The Departments of Homeland Security and Justice have been busy since February.
Last week, they issued final guidance mandated by the Cybersecurity Information Sharing Act of 2015 (“CISA”)—the law that provided broad liability protections for private companies that share cyber threat information with the government (or among themselves), which is then disseminated to various government agencies, including entities like the National Security Agency.
CDT was critical of the law as enacted, both on process—Congress slipped it into a “must-pass” bill at the 11th hour with limited debate—and substance. CDT’s takedown is here.
The final guidance documents replace a series of interim pieces the two departments issued in February, which we commented and called a “good start” while suggesting a series of targeted improvements. Since February, there has been some interesting movement on the margins—both good and not-so-good—though not much has changed. The guidelines remain a mixed bag, which is perhaps understandable given the inherent flaws in CISA.
For instance, the new guidance contains some helpful clarity on when DHS, the primary agency that receives “cyber threat indicators” and “defensive measures” under CISA,  along with other agencies that receive this information directly, can delay dissemination to strip out irrelevant personal information.
However, the guidance fails to address many of the foundational issues in the law itself, and we remain concerned that CISA will result in the sharing of sensitive personal information with elements of the intelligence community, military, and federal law enforcement. That information could then be used for purposes that go far beyond “cybersecurity,” including the investigation and prosecution of crimes under the Espionage Act and the Computer Fraud and Abuse Act, both of which have been subject to abuse and often invite overreach.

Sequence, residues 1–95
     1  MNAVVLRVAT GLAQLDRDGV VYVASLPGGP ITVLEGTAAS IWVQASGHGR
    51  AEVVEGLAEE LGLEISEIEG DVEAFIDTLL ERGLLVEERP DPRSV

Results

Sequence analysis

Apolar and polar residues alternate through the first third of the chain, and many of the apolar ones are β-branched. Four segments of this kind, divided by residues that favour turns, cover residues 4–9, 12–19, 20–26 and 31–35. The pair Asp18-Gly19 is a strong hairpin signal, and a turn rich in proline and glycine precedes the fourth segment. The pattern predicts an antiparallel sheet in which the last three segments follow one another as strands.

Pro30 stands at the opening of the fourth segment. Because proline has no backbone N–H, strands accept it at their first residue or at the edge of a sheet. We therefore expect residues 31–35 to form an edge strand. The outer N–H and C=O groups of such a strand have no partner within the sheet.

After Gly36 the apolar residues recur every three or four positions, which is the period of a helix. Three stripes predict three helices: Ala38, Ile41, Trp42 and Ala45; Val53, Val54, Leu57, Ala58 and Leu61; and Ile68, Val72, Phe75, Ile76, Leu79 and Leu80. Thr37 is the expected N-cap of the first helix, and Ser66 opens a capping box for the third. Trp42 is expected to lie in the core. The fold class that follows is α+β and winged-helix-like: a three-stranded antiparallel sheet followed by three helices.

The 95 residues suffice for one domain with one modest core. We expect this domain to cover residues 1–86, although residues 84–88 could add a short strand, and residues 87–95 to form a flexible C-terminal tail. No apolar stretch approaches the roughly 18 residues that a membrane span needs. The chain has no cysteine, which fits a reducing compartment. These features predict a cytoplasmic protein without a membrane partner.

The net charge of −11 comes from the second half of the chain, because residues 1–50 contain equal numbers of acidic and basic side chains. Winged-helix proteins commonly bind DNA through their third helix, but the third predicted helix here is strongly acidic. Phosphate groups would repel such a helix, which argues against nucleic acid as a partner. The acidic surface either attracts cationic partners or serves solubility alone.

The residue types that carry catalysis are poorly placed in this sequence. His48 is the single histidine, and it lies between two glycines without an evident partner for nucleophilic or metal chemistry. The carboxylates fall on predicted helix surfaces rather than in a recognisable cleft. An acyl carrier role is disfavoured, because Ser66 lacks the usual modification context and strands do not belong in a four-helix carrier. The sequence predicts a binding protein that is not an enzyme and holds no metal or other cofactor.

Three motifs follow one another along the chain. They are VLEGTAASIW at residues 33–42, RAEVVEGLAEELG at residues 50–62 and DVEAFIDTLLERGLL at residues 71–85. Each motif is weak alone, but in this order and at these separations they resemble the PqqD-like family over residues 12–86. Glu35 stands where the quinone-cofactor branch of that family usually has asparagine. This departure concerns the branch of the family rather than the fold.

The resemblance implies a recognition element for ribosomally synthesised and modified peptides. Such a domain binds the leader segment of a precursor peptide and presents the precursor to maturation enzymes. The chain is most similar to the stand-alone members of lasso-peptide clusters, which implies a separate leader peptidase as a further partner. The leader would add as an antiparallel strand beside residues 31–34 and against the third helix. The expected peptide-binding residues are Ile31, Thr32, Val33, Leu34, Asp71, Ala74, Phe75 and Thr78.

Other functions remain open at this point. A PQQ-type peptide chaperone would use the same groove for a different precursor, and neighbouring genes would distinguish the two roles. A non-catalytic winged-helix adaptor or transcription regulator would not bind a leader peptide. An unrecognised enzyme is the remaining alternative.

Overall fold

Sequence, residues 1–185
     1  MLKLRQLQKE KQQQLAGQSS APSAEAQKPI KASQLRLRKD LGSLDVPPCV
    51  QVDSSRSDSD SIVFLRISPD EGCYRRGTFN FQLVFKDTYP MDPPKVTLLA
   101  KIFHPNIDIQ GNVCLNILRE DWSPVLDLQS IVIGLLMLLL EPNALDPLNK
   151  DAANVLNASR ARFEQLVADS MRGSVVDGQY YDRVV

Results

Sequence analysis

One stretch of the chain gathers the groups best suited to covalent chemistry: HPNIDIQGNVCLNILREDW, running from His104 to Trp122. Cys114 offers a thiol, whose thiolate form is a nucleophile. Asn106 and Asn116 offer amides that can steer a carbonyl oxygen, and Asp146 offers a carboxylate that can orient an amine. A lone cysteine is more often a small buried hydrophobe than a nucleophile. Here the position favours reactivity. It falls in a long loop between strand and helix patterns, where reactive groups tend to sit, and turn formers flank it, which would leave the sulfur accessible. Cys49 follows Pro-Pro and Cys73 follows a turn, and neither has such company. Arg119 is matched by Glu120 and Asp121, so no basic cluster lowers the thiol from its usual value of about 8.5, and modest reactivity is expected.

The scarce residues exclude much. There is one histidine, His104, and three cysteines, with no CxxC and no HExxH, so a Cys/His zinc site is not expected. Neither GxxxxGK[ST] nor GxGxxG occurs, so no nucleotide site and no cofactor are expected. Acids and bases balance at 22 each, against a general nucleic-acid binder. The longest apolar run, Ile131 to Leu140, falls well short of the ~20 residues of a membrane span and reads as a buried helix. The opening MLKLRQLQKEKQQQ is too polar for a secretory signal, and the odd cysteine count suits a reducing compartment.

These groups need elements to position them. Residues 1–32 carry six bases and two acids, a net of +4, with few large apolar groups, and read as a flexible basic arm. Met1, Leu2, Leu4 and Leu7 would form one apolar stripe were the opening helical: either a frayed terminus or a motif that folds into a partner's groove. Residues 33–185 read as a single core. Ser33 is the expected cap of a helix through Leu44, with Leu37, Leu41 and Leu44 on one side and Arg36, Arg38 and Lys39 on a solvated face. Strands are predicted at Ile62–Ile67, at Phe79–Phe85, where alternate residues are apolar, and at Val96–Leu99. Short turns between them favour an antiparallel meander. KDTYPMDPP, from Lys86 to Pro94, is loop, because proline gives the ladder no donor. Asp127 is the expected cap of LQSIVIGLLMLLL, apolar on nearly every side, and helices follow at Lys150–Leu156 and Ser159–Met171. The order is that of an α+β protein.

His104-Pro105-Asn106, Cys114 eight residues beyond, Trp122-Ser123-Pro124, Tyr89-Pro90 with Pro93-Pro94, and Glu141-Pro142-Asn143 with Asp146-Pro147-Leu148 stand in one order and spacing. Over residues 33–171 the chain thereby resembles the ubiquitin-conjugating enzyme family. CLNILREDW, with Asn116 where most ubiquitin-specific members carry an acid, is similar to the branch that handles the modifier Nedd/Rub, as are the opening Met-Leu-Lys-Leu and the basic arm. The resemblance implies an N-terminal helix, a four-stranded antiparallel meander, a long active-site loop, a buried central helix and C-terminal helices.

The final CISA procedures and guidance can be found on the landing page for the DHS’s “Automated Indicator Sharing” (“AIS”) system, the portal designated by CISA for receipt of cyber threat information.
It’s a little confusing navigating the guidance as there are four separate sets. Three of them have been updated and finalized, namely guidance on sharing by non-federal entities with the federal government and among themselves, final procedures on the receipt of cybersecurity information by the government, and final guidelines on privacy and civil liberties. A fourth that covers government-to-government and government-to-private sharing remains unchanged from February. The interim guidance can be found on our site here (non-federal entity sharing), here (privacy and civil liberties), and here (receipt procedures).
We go through each in turn below, highlighting areas where DHS and DOJ deserve credit for shoring up or clarifying privacy and civil liberties protections in the guidance, and where the guidelines continue to fall short.
It is important to note at the outset that none of the guidelines address one baseline issue with CISA—the overly permissive “use” provision that allows cybersecurity information to be shared and then used for non-cybersecurity purposes. The guidance simply restates the list of authorized uses in § 105(d)(5) of CISA, which, as noted above, include uses beyond cybersecurity purposes (or emergency situations), such as preventing “serious economic harm,” or “preventing, investigating, disrupting, or prosecuting” various criminal offenses such as identity or trade secret theft and the aforementioned Espionage Act and CFAA.
Sharing By Non-Federal Entities  With the Federal Government and Among Themselves
Unlike the privacy and civil liberties guidelines and procedures governing the receipt of cyber threat indicators and defensive measures, DHS and DOJ were not required to issue final guidance in this context, nor were they required to issue guidance on private-to-private sharing.
CDT, along with a number of industry players, nevertheless asked the agencies to provide such guidance, which they did in a new annex to this set of guidelines. The annex clarifies that liability protections attach to private-to-private sharing if conducted in accordance with CISA. It also helpfully restates the requirement that sharing be only of cyber threat indicators and defensive measures, and that private entities sharing such information with other private entities strip out personal information that is not “directly related” to a cybersecurity threat.